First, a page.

Manufacturing in Australia is not dead, but it does seem to have taken to its bed with a temperature, unwell from the effects of high costs, a high exchange rate and poisonously one-sided free trade agreements, as explained by Robert Gottliebsen yesterday (Why Toyota is leaving Australia: The real story, February 6).
But all is not lost. The survivors of this shakeout won’t be the lumbering dinosaurs like the carmakers, but family companies, which can fly under the union radars, tighten their belts when necessary, innovate, move quickly and reinvest – always reinvest.
The CEO of the Australian Industry Group, Innes Willox was out and about yesterday talking up the future of manufacturing and when pressed by Richard Glover on the ABC’s Sydney Drive program he listed a few success stories. They were almost all family businesses, and some of them, like Ego Pharmaceuticals in Melbourne, have been stars of Business Spectators’ weekly series of profiles.
Today’s profile is another one: Robern Menz, a 100-year-old Adelaide food manufacturer that has adapted and innovated over the years, and frequently knuckled down to weather the storms that have come and gone.
Food manufacturing, especially fruit, is one of the toughest businesses of all. This one stayed afloat, and eventually prospered, by taking risks, being prepared to change and above all by always putting everything on the line.
The business was started in 1908 by Walter Sims, opening a grocery store in North Unley. He was ambitious and he ended with four stores. He couldn’t get enough dried fruit to meet demand so, seeing an opportunity, he started a dried fruit business in Irymple, near Mildura. He called it Robern after Robert Burnell, in honour of the son of a friend who tragically died.
The business grew rapidly, and Walter’s son Edgar ended up with six factories producing dried, frozen and canned fruit and dehydrated vegetables. You had to have a factory in every town in those days because the roads were too bad for deliveries, especially in the country.
Anyway, Edgar closed the grocery stores and in the 1950s and '60s, Robern was a thriving commodity-style food manufacturer, producing bulk product for house brands and export.
But there’s definitely something about the third generations of family businesses: either through bad luck or bad management they often blow up their heritage. In this case it was definitely bad luck and the business didn’t quite go under, but it nearly did. Plenty of others did.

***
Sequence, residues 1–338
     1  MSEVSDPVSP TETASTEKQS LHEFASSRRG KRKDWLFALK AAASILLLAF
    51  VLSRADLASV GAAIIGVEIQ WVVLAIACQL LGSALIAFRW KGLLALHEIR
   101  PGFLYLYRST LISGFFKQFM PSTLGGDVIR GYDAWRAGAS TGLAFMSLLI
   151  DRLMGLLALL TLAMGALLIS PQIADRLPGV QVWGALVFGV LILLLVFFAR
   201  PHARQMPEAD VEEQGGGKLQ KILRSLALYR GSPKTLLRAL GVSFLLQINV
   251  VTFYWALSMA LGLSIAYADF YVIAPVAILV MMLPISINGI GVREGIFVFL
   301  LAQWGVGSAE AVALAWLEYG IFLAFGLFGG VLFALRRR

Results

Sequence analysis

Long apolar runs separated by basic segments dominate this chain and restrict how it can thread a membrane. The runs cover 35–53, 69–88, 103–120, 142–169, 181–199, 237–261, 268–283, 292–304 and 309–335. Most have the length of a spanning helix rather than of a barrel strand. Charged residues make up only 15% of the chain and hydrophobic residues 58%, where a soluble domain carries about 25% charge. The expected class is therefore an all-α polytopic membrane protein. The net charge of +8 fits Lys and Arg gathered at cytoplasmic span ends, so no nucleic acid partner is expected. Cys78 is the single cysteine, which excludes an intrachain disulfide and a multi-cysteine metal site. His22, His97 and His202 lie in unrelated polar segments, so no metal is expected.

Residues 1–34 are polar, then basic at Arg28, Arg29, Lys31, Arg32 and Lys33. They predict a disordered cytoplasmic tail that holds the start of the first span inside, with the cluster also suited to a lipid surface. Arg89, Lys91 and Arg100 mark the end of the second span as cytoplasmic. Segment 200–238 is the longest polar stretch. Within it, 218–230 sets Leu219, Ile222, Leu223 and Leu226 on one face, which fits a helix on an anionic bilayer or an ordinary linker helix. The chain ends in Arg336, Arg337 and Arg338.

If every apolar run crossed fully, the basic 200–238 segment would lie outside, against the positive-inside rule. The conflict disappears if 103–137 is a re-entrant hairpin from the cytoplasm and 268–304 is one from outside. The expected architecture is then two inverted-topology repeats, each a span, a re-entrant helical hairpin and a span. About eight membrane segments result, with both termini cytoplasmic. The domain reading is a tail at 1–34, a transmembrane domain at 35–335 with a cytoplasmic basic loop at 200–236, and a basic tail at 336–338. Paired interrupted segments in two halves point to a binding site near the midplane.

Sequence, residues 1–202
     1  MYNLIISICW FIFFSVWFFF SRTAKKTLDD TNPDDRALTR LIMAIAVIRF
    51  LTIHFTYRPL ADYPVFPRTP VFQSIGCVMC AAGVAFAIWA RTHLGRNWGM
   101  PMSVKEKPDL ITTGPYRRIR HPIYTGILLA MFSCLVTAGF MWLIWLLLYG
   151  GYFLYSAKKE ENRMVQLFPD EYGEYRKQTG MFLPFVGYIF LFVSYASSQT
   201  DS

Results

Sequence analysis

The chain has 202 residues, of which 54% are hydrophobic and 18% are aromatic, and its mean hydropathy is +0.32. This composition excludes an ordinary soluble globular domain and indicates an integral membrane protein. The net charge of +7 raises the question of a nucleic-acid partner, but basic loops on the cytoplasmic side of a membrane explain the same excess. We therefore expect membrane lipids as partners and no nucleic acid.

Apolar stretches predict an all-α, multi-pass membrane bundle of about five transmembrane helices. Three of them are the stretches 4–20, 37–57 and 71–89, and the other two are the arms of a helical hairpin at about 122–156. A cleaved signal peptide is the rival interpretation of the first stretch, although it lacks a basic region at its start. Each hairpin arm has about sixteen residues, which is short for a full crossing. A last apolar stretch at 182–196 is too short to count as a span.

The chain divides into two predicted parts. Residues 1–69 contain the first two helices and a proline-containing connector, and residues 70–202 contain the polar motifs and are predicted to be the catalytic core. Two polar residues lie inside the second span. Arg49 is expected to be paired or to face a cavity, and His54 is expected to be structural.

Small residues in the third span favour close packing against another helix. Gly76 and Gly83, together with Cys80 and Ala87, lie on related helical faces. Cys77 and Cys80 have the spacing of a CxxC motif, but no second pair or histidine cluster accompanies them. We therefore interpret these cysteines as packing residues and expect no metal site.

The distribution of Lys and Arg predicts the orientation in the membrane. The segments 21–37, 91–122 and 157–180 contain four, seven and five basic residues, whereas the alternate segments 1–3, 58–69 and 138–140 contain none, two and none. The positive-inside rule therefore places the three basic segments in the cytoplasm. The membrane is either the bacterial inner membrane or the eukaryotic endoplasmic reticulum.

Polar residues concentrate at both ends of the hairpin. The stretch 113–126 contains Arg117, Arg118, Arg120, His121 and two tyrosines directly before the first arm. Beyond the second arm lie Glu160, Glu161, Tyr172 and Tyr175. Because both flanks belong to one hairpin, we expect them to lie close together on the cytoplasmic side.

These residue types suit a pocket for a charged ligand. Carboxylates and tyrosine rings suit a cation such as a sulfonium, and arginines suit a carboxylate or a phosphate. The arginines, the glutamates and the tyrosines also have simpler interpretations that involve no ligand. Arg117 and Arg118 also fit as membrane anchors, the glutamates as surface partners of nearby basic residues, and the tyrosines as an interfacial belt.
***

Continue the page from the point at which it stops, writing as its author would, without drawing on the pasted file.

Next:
It was when Britain joined the Common Market, in 1973, and as a result exports collapsed. It was a far worse time for Australian manufacturing than the current one and many went out of business, greatly worsening the 1974 recession caused by the 1972 Oil Shock.
Edgar had three brothers, and all four of them had worked in the business. When the great contraction of the mid-70s hit, three of them – Brian, Rupert and Lyall – moved on and left Edgar to it.
Edgar Sims had two sons, but one of them died in an accident at 18, leaving Grantley to take on the family company. He was fourth generation, but he ended up with all of the business like the first generation.
The way it happened, though, was a bit circuitous: when things were at their toughest and his father’s business couldn’t support him and his young family, Grantley bought a disused glace fruit factory in Berri, South Australia and moved the family there, where he went into competition with his dad.
After five years of competing and meeting for family Christmases they decided it was ridiculous to compete and merged.
There followed a series of expansions driven by Grantley into, first, fruit confectionery, and then in 1985 into chocolate. This culminated in 1992 in the acquisition of Menz from Arnott’s, which was then being taken over by Campbell’s Soup of the US. Menz was a baking business that started in 1850 and was bought by Arnott’s in 1964 because it possessed one of the great biscuit brands in the nation – Yo Yos.
Menz also had the FruChoc brand, which has been declared an icon of South Australia by the National Trust.
As a result of those brands, Robern Menz, as it became, moved from a commodity food supplier to a value-added manufacturing operation with great brands of its own, including Menz itself of course.
Grantley’s two sons, Philip and Richard, now run the business with Phil, 47, as chief executive and Richard, 43, as general manager operations. Grantly, now 75, works three days a week, and three of them share ownership and make up the board.
This is an excellent little South Australian business, doing about $20 million in sales and growing despite the difficulties facing all manufacturing, especially food, through innovation and focusing hard on its niche.
There needs to be more of it.
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